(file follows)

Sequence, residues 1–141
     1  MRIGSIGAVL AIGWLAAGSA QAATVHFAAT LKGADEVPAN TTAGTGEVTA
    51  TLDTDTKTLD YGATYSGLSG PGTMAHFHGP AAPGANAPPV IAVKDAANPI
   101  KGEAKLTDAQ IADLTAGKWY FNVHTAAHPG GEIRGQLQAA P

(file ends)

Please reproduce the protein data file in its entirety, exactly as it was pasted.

Sequence, residues 1–141
     1  MRIGSIGAVL AIGWLAAGSA QAATVHFAAT LKGADEVPAN TTAGTGEVTA
    51  TLDTDTKTLD YGATYSGLSG PGTMAHFHGP AAPGANAPPV IAVKDAANPI
   101  KGEAKLTDAQ IADLTAGKWY FNVHTAAHPG GEIRGQLQAA P